33. In 2020, the ethical chocolate brand MIA (Made In Africa) launched a Girls’ Education Fund under its ‘1 for Change’ programme to support vulnerable students. It has been working in partnership with Money for Madagascar, who note that school enrolment has significantly decreased in the country, falling as low as 55% in some areas. Of every 100 children who start primary school only 33 make it to secondary school, while girls are the most impacted by the education crisis in Madagascar as they are the first to be removed from school to assist with domestic chores and to support family income. The first two recipients are secondary students in Antananarivo.

  34. In July 2020, Air Madagascar formally ended its partnership with Air Austral, whose 40% stake returned to government ownership, in a move that had been anticipated even before the pandemic hit. Facing continued financial pressures, Air Madagascar was reported to have accumulated losses of US$70m. In September 2021, three of its ATR-72 aircraft were impounded by creditors with a sole fourth in operation with its domestic subsidiary Tsaradia.

  35. Madagascar was reported in 2021 to be losing each year more than 5,000ha of mangroves which currently cover 236,400ha, mostly on the west coast. The Ministry of Agriculture intends to re-establish 10,000ha by 2023 with World Bank finance of US$3m.

  36. In the rich volcanic soils of central Madagascar’s Itasy province grows a rare and fragrant coffee coveted by bats and humans alike. The bat-nibbled beans are especially coveted. Wild bat spit supposedly gives the coffee a uniquely smooth flavour and longer-lasting aftertaste, sending demand for an already expensive specialty bourbon pointu coffee soaring to nearly €220 /kg – more than 50 times the price of commodity-grade coffee. (Bourbon pointu, or Coffea arabica var. laurina, is a naturally low-caffeine variety that traces its roots to La Réunion.) Madagascar used to produce mainly the lower-quality robusta beans used for instant coffee, but increasingly premium varieties of higher-value arabica coffee are being grown.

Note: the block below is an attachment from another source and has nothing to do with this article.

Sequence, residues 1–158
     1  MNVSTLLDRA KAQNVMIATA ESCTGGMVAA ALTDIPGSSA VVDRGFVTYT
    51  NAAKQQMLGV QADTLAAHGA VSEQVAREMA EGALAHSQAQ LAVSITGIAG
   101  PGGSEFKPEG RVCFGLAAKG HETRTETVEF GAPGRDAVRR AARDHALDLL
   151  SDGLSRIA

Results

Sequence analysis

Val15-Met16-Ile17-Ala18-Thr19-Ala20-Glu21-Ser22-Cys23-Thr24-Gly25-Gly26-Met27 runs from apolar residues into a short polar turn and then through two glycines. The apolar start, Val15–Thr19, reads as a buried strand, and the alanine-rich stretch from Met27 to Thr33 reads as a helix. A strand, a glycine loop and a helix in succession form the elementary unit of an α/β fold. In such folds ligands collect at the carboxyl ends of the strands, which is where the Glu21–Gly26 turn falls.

37. A new book A Strange Campaign: The Battle for Madagascar by Russell Philips was published in 2021. It relates to Operation Ironclad in the Second World War when British forces landed on the island in 1942 to help prevent Japan using it as a strategic base to disrupt the supply line to India.

  38. In 2020, a new orchid species from Madagascar was officially named, and described by Royal Botanic Gardens Kew as the ugliest orchid in the world: ‘Most people think of orchids as showy, vibrant and beautiful, but Gastrodia agnicellus is quite the opposite. The 11mm flowers of this orchid are small, brown and rather ugly. After the G. agnicellus is pollinated, the stalks grow, holding the fruits well above the forest floor so that the dust-like seeds can better disperse. The orchid depends on fungi for nutrition and has no leaves or any other photosynthetic tissue. The new orchid has been assessed as threatened, but with a small range occurring within an already protected national park, the plants do have some protection for now.’

  39. In 2020, a new species of huntsman spider was described in Madagascar and named in honour of the climate activist Greta Thunberg – as Thunberga greta – by German arachnologist Peter Jager.

  40. To mark the country’s 60th anniversary of independence, President Andry Rajoelina launched a campaign intended to plant 60 million trees on 40,000ha of land prepared for the purpose and using drones in certain areas. The ambitious project started with 1.2m trees in the district of Ankazobe. USAID has helped with funding, as part of a commitment of $57m to the preservation of forests and biodiversity. In early 2021, the Ministry of the Environment said that 18m had been planted to date on 18,000ha.